Updated: May 14
Maintaining a healthy weight is important for overall well-being, but it can be challenging to determine what "healthy" means. The truth is that the number on the scale does not paint a full picture of a person’s health. As you know, two people can be the same exact weight but look different due to body type. Usually when people say “I want to lose weight”, they really mean that they want to change their overall body composition. Body composition is a term used by health professionals to refer to the percentages of muscle, fat, and bone in your body. It is a more accurate representation of the health of your body. Two common measurements used to assess weight are body fat percentage and body mass index (BMI). While both are useful, they differ in what they measure and their accuracy in assessing overall health.
Body Fat Percentage:
Body fat percentage measures the amount of fat in your body relative to your total body weight. Our bodies use fat and store it as energy for later use. More importantly, according to Harvard Health, it helps give your body energy, protects organs, supports cell growth, and helps your body absorb vital nutrients. Nevertheless, many health issues arise when there is an excess of body fat in the body. This can lead to heart disease, high blood pressure, and diabetes. This measurement takes into account both essential fat or brown fat (the fat necessary for basic bodily functions) and non-essential fat or white fat (the fat that accumulates under the skin and around organs). The American Council on Exercise (ACE) provides the following body fat percentage categories:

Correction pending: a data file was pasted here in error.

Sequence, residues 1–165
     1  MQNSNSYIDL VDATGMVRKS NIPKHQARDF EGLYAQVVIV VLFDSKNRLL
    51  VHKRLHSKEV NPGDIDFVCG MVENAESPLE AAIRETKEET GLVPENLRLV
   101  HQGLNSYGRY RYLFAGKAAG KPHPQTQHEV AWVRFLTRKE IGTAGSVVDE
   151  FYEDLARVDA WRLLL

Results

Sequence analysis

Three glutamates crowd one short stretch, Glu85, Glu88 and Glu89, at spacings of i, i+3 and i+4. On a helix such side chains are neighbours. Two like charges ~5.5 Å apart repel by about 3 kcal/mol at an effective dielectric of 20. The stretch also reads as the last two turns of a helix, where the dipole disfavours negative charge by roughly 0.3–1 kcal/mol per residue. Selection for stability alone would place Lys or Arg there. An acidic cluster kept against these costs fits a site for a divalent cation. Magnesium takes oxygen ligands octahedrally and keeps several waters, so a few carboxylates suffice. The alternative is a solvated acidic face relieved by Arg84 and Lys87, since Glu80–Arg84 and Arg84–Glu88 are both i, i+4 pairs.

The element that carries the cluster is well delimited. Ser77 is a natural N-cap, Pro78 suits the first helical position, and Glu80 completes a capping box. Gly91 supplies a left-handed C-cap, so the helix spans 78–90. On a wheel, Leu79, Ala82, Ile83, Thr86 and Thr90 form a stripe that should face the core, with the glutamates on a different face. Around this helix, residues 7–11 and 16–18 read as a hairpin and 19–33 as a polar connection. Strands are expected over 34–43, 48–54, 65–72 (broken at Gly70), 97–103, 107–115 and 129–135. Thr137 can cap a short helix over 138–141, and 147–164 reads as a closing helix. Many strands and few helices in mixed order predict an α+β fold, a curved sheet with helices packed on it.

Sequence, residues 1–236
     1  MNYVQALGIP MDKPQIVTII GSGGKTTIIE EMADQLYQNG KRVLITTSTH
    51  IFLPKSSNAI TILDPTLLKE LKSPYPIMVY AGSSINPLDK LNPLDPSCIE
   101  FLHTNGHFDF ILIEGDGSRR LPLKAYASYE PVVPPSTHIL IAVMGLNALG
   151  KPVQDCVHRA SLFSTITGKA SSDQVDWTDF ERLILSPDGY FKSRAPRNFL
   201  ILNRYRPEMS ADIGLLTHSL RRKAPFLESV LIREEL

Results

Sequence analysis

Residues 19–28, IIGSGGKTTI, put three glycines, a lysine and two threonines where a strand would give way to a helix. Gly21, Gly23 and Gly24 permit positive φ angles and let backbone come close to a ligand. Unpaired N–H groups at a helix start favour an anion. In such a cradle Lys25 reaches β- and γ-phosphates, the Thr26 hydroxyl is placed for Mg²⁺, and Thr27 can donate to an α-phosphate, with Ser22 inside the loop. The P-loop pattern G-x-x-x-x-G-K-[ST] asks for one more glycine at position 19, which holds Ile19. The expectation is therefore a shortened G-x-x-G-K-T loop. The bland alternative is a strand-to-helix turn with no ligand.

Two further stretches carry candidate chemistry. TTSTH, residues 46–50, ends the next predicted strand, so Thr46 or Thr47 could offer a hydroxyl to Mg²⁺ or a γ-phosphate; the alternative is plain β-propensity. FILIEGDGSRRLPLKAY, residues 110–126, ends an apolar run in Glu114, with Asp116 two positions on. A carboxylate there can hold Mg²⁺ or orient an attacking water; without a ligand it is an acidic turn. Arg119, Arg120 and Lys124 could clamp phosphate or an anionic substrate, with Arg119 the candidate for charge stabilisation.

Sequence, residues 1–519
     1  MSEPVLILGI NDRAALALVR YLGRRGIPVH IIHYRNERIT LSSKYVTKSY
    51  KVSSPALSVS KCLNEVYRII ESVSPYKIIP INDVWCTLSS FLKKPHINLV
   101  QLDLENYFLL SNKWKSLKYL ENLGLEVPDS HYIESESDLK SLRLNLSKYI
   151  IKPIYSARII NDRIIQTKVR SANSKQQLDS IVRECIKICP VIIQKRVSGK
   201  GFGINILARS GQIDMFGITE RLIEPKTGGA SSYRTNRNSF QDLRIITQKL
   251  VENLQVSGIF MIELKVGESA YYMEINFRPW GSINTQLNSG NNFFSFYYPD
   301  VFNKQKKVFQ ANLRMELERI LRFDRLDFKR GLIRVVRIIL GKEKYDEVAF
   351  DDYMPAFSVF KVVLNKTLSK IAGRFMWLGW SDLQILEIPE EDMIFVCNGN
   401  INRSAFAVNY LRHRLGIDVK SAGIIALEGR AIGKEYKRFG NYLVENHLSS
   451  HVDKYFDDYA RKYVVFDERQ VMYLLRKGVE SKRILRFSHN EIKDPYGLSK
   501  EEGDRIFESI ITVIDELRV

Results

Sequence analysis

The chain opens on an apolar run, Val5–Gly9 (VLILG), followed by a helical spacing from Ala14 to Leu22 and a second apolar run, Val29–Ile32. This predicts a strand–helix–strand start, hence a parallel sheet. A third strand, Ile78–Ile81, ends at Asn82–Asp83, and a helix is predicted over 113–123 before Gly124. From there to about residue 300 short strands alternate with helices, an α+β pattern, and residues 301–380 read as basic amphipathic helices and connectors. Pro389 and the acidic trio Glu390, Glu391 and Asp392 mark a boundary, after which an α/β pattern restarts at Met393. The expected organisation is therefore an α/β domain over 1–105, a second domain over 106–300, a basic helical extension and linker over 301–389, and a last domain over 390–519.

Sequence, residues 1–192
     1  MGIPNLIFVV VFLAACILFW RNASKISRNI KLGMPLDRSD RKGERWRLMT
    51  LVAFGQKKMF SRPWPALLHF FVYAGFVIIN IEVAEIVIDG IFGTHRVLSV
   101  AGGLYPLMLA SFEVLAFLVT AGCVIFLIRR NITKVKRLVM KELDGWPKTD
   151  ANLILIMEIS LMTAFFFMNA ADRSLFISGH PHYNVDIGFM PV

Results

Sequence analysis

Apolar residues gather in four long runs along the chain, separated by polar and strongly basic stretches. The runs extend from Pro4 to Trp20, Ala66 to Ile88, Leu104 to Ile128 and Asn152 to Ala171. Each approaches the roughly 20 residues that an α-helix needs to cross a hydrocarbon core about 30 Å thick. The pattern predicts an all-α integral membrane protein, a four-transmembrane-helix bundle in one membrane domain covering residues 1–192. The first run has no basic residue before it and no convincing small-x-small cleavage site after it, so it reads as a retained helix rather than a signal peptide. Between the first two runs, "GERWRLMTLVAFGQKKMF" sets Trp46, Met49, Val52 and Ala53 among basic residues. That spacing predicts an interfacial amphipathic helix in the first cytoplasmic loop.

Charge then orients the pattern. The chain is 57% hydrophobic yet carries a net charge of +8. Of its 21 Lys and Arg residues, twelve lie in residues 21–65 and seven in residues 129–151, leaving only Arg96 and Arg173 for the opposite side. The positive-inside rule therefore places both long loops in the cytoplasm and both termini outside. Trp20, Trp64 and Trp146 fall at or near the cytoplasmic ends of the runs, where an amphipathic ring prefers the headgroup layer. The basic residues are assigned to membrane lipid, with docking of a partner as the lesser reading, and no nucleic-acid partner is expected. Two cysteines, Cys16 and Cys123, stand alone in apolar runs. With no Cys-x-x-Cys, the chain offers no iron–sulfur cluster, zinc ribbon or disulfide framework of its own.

Essential fat: Men: 2-5%, Women: 10-13%
Athletes: Men: 6-13%, Women: 14-20%
Fitness: Men: 14-17%, Women: 21-24%
Acceptable: Men: 18-24%, Women: 25-31%
Obese: Men: 25%+, Women: 32%+
Body Mass Index:
BMI, on the other hand, is a measurement of body weight relative to height. It is calculated by dividing weight in kilograms by height in meters squared. The World Health Organization (WHO) provides the following BMI categories:
Underweight: BMI < 18.5
Normal weight: BMI 18.5-24.9
Overweight: BMI 25-29.9
Obesity class 1: BMI 30-34.9
Obesity class 2: BMI 35-39.9
Obesity class 3: BMI 40+
BF% vs. BMI:
While BMI is an easy and cost-effective way to assess weight, it has limitations. It does not differentiate between fat and muscle, meaning that someone with a high amount of muscle mass may have a high BMI but a low body fat percentage. Similarly, an elderly person or someone with a health condition that causes muscle loss may have a low BMI but a high body fat percentage.
Body fat percentage, on the other hand, provides a more accurate assessment of body composition. However, it can be difficult to measure accurately, as methods such as skinfold calipers and bioelectrical impedance analysis can be influenced by factors such as hydration levels and the time of day. There are many ways to measure body fat and each has its own level of reliability and accuracy.
The weight scale doesn’t always paint the full picture of health. Actually, sometimes actual pictures are the best method for tracking progress. Both body fat percentage and BMI are useful measurements for assessing weight and offering a quick glimpse at what an individual’s health could be. While BMI is easy to calculate, it has limitations in that it does not differentiate between fat and muscle. Body fat percentage provides a more accurate assessment of body composition, but can be difficult to measure accurately. Body fat percentage may be a more accurate assessment of overall health. Ultimately, it is important to use these measurements as tools rather than the sole determinants of health and to consult with a healthcare professional for personalized advice.